There but by the grace of God go I

Two & Out
By James Peters
December 9, 2016 - 4:59pm

KAMLOOPS — There but by the grace of God go I. 

Even if you're not a believer in the man upstairs, you recognize the significance and truth inherent in this popular idiom. 

It's a phrase that denotes how little humans can be in control of their own circumstances. 

If not divine intervention, then perhaps it's fate, or the environment, or even just the clash of wills between people that can influence one individual's circumstances and life choices. 

It's a phrase I often hearken back to when thinking of the opioid overdose crisis hitting BC's streets right now. 

There but by the grace of God go I. 

Growing up in a relatively sheltered small prairie town, I certainly could have tested my luck as a teenager. 

I could have decided to stick a needle in my arm on one occasion. 

After all, it would only take one occasion. 

Before long, I'd be hooked, caught in the intense gravitational pull of chemical addiction. 

And then, as we've seen in BC, scoring drugs off the street is like Russian roulette. 

Or I could have suffered a debilitating and painful injury at some point in my life, and have been prescribed an opiate by my doctor.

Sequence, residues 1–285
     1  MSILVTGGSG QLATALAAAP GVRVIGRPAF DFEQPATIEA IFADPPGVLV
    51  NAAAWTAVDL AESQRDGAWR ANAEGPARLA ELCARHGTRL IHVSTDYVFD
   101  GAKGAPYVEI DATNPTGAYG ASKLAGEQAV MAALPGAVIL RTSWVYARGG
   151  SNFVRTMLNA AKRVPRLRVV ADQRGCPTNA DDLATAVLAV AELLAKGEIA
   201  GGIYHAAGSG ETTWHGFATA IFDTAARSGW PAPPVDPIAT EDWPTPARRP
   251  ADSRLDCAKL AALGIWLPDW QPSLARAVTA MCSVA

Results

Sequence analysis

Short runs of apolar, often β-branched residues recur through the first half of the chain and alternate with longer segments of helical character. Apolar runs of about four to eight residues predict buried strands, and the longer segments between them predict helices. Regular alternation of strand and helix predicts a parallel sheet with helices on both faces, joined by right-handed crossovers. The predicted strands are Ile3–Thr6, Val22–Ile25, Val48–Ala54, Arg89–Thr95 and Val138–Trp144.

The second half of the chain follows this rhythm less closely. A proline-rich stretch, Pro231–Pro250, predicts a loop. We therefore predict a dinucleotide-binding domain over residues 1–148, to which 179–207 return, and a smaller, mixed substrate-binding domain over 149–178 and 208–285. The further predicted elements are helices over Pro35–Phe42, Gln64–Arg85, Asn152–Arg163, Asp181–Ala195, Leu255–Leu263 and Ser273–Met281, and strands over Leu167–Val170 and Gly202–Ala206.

Not knowing the dangers, it might have led to another addiction. 

I have made good choices, so far, and I have had extraordinary good luck. 

And knowing how quickly and easily addiction can take hold is what keeps me up at night worrying about my own children, hoping that they make good choices and have good luck, too. 

It boggles my mind that there are those who approach the overdose crisis from a position of self-righteousness. 

They blame the addict, and intimate those who die are getting what they deserve. 

To some degree, of course it's the addict's fault, but that doesn't mean that person doesn't help; doesn't deserve to live and to try to get better. 

It could have been you, Mr. or Mrs. High and Mighty. 

It could have been me. 

There but by the grace of God go I.